September 8, 2004
Today was Xandie's first day of school. We had already visited the European school three times, once to beg them to let Xandie in, once to have her tested for English skills and first-grade readiness (which resulted in the teacher suggesting that perhaps she should be in second grade, a question which is still open at this moment), and once, yesterday, to meet the parents association and get a trolley pass.
There is a special system for getting kids to school safely. There is a special tram that carries only kids and teachers and goes straight to the school. For the first month, kids in the first three grades have to wear a sign with their name, tram line, and stop. Pat carefully wrote all that information on Xandie's backpack. We were in place well ahead of time.
There weren't many kids waiting. This isn't a heavily residential
area. Pat spotted one mother and son and suggested that they were
probably waiting for the same train, but (as usual) I was reluctant to
approach a stranger, and (as usual) Pat was inhibited by her lack of
German. Just then tram #4 came.
I don't see any teachers! said
There must be another one that's special.
I looked at my watch. It was the right tram number and the right
time. I saw some young teens, obviously doing schoolwork.
to be the train! I said.
You'd better ask the driver, replied
Pat. I hopped on the train. The driver was behind a wall, with
curtains up. I didn't want to step away from the doors while Pat and
Xandie were outside. The doors closed. I pushed the
and told them to get on.
No, said Pat. I'm sure another one will
come along. The doors closed again, and this time they wouldn't
respond to the button. The tram pulled away from the stop. I knew
Pat hadn't brought her phone.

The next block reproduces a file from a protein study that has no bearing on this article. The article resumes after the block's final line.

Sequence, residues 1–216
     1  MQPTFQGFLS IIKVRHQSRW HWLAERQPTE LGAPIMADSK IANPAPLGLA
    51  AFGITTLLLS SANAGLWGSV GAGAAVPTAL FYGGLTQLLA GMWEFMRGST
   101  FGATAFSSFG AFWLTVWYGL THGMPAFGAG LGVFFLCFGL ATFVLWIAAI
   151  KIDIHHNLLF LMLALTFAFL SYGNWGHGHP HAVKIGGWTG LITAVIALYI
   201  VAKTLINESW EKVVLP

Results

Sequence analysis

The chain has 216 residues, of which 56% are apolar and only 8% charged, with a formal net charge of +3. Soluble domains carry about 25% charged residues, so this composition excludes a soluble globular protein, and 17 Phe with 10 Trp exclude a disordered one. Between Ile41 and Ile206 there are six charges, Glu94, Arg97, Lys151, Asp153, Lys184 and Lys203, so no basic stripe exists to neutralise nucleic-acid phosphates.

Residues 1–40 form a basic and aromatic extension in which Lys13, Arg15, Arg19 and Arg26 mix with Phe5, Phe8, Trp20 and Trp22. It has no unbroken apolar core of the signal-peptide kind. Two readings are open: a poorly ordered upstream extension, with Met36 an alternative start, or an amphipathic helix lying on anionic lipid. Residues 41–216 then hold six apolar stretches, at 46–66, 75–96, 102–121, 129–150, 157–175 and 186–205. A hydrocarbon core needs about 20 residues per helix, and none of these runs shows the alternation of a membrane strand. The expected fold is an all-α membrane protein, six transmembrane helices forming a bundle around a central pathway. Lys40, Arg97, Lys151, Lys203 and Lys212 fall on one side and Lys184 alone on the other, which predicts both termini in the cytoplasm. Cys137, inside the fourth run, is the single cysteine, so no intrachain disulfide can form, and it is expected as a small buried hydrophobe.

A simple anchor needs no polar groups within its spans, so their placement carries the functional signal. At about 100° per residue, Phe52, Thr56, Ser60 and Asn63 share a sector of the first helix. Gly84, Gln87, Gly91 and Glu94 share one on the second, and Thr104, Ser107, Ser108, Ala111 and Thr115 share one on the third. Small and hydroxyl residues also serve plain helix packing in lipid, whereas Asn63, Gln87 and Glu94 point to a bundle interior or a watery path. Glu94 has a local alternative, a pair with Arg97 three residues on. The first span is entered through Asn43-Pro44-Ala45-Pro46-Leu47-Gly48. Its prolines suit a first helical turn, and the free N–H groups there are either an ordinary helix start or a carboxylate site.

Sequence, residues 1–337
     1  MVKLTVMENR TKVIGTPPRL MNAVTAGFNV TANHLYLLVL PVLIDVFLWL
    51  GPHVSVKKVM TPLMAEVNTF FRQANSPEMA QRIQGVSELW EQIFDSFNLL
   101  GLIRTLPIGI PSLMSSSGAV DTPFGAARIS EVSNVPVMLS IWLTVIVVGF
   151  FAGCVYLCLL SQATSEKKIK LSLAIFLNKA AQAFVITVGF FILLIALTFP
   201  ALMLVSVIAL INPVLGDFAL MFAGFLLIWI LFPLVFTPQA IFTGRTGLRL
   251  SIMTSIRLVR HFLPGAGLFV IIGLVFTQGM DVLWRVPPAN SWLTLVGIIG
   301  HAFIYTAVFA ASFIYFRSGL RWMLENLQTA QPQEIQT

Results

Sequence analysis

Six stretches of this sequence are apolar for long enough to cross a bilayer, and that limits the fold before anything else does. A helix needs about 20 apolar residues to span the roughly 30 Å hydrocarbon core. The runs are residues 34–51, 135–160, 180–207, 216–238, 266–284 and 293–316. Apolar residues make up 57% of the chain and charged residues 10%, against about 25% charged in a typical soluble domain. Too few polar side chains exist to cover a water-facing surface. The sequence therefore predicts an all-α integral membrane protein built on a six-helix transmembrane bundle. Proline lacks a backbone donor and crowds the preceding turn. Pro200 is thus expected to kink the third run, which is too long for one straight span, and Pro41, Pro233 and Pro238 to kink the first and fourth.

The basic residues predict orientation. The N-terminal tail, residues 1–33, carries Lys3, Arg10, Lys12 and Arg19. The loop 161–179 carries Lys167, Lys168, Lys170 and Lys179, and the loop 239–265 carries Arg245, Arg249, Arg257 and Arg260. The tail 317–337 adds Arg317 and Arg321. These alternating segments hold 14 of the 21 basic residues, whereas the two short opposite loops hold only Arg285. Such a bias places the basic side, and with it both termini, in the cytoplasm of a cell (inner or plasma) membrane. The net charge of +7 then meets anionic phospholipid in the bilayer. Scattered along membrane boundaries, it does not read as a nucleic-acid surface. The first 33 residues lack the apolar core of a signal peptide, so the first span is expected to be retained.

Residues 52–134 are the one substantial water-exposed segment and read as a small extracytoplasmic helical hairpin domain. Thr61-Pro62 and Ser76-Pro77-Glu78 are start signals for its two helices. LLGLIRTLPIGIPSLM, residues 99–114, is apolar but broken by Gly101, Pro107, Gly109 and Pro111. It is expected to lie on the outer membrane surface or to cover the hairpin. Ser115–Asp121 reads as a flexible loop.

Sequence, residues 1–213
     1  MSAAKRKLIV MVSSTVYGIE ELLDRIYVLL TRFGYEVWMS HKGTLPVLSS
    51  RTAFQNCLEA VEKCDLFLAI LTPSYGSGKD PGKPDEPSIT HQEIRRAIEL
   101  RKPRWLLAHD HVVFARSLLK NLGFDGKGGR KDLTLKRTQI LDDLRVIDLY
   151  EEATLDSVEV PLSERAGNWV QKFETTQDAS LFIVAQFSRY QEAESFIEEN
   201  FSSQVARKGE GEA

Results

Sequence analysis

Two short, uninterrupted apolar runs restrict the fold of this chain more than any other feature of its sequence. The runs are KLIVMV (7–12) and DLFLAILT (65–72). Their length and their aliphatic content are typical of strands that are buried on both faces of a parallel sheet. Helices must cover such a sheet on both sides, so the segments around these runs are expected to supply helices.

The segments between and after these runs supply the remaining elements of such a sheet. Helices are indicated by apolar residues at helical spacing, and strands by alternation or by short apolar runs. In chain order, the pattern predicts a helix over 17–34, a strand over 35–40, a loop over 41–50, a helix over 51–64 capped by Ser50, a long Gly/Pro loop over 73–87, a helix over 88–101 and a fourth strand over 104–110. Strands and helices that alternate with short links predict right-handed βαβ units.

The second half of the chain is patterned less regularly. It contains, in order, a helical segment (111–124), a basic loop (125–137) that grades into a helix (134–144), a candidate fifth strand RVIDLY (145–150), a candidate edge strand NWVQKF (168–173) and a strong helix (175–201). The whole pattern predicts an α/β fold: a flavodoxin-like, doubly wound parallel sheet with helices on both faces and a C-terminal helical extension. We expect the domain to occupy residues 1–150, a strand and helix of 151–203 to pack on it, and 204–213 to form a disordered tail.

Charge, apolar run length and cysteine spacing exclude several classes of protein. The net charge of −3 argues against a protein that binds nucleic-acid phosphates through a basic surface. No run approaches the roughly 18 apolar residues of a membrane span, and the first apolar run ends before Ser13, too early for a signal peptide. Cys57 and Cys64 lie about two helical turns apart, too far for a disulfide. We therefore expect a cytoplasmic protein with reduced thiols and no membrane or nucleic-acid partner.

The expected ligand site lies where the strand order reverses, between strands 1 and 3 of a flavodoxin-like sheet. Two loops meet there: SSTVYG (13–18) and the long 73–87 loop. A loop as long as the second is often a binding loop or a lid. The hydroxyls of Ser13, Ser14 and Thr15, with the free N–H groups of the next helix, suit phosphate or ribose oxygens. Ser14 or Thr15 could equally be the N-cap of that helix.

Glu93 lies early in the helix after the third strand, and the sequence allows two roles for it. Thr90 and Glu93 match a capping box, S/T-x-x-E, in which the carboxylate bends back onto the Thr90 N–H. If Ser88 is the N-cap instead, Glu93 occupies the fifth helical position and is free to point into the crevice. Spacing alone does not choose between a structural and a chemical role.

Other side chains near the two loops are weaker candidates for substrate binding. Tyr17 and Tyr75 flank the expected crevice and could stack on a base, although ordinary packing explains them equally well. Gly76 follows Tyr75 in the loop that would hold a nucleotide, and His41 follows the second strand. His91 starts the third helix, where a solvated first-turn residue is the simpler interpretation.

The next stop was only 2 blocks away. What to do? I decided we were better off together; there was another train in 10 minutes that would get to the school before class started. But would Pat get on the next train so she could join me? Probably not. I hopped off and walked back. I thought I could see Xandie in the distance. The trains that were passing me were all heading to other places.
When I got closer, Pat yelled,
You took the wrong train! When I
disappeared, Pat had asked the other mother for help and found that
she had been dealing with the system for three years. It turns out
that the train to school is an express with a special number. It had
been listed on the schedule page, but I hadn't seen it because I had
focused on the familiar tram number that we had taken on our other
visits. A few minutes later the #17 showed up, this times with lots
of kids and teachers, and we put Xandie on. Pat tried to tell a
teacher that we had written the train information on the backpack.
Ich verstehe nicht, was the reply.
Ich spreche kein Englisch.
She shuffled Xandie off to a seat, the doors closed, and she was
gone. No time for goodbyes. I hope she didn't get upset; she sure
looked tiny and lost. With luck, the teachers will put her on the
right tram in the afternoon. If not, well, she knows what her stop
looks like and Pat will be there to meet both trains.
When we got home, Pat said,
Is this what it's going to be like when
we send her off to college? I hope not. I don't need to wind up on
a plane to Tahiti while Xandie and Pat are flying off to Cambridge.
Well, maybe Tahiti wouldn't be so bad.
© 2004, Geoff Kuenning
This page is maintained by Geoff Kuenning.